Feeble Knees

Tuesday, November 30, 2004

Uncharted Territory, Part II

God's been sending some unbelievably adorable babies into my life recently. They stare into my eyes with innocent wonder and start weaving that baby spell. I laugh and tell them "I know who you are! You're a little baby double agent. Your mission is to make me want a little guy just like you."

Some of these baby agents have grown into young child agents. One in particular, the little five year old daughter of some friends of ours is doing a very good job. When I see her, she runs up into my arms and buries her face in my shoulder. Then she reads to me - a whole story! We play with Legos and talk about her week at school. Last summer, she would take a watering can and sprinkle cool water from her kiddie pool onto my bare feet and squeal with delight. Mr. Feeble and I took her and her Mum to go see some fireworks and a parade last fourth of July. Things that seem so banal when you're an adult become magic all over again when a child sees them for the first time.

My own nephews are convincing me. Now young men themselves, they are growing and changing and pursuing their dreams. One is about to married (I was eleven when he was born), another has become a serious music student. Another is proving his passion and talents for all things automotive - he'll probably be able to buy and sell the lot of us someday. They're making their folks proud, making their ways in the world with big dreams and youthful optimism. It may be the hardest job in the world to raise responsible, happy and well adjusted kids, but I'm beginning to realize it's not impossible. (Oh me of little faith!)

This past summer a couple of medical issues came up that put having children into doubt. We learned that I have a gene defect that causes a fatal condition. If Mr. Feeble also had it, the chances were 1 in 4 pregnancies that our child would be affected. Let me tell you, it was a looooong wait while we waited for the results of Mr. Feeble's test. During the wait, I seriously contemplated what life would be like if we decided not to have children. The world suddenly seemed colorless and dull. I'd look out on the big back yard of our home and see it just as something to be mowed and maintained - a lot of work for little reward. Our quiet, out of the way street no longer felt like a safe haven from traffic, a place where you could draw hopscotch squares or play street hockey. It just felt lonely. Our house suddenly seemed too big for just us. Something to be cleaned and maintained, not a homestead. I thought of all the little traditions we'd started, and how we talked about passing them down. Memories of the little knit sweaters and caps, safely wrapped in tissue by my mother-in-law's anxious hands visited me. The dainty white and pale yellow hand-knit treasures spoke to me of her fervent desire for grandchildren she won't see this side of heaven. But someday...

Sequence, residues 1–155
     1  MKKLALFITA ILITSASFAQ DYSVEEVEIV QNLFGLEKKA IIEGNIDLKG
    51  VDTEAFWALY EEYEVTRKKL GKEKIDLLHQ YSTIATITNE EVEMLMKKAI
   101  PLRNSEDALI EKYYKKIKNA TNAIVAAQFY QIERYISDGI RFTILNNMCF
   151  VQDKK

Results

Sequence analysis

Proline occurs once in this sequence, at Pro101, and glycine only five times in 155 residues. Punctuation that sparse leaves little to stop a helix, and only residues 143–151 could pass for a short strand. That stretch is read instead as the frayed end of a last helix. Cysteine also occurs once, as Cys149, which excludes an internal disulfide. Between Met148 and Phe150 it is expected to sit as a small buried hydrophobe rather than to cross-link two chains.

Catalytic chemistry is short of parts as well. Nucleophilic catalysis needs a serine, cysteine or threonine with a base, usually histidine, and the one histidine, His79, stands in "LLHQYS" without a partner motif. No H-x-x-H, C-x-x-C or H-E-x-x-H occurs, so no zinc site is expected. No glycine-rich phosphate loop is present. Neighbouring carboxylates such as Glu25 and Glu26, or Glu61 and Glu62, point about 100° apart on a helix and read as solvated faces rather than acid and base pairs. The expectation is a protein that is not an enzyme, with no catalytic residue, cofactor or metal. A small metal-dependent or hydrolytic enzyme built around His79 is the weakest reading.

When suddenly faced with the thought that we might never be able to have children of our own, I realized just how important it was to me that we could. The days and hours until we got the second set of test results dragged on. By the time the phone rang a week and a half later, I could hardly breathe.

Negative! They said negative!

The relief was immediate and tremendous and left me alternately laughing and crying. You would have thought I was getting a clean bill of health for a living child, not just the promise of one. Later that night I was quiet and considered these new feelings in my heart. It felt like a victory for a child we didn't even have yet, and indeed I found myself thinking about an actual child, one of our own. It didn't seem so strange or foreign to me anymore. It felt like family.

A few years ago, Joy, my friend who wants ten children, underwent emergency surgery that would save her life, but ultimately severely limit her chance of ever having children. She drifted in and out of sedated sleep afterwards while I sat by her hospital bed, railing at God in my heart. It seemed like the sickest cruelty that could befall her, this one whom God had given such a big heart and delight for little ones. It should have been me, I thought. Later I confessed this to Joy, that I felt so guilty for being healthy and whole when I didn't have the desire that she did for children. She smiled sadly, and said something lost to time and tears.

To every thing there is a season, and a time to every purpose under the heaven. Ecclesiastes 3:1

We had our first "false alarm" this weekend. I was five days late. Being the neurotic control freak I am, I'd already gone through two home pregnancy tests when the definitive proof that I'm not pregnant arrived on Sunday. It was a sad thing, and I was surprised again by the depth of my feelings.

I'm thankful for God's preparation, for all the circumstances, people, babies, and moments that led us to this point. Only He knows what happens next. But at long last, I think I'm ready.

Joy called the other day. Before I could even say "hey", she blurted out: "Pregnant yet?!?! Come on you two, I want a baby. It's about time you know."

Indeed, so it is. So it is. :)

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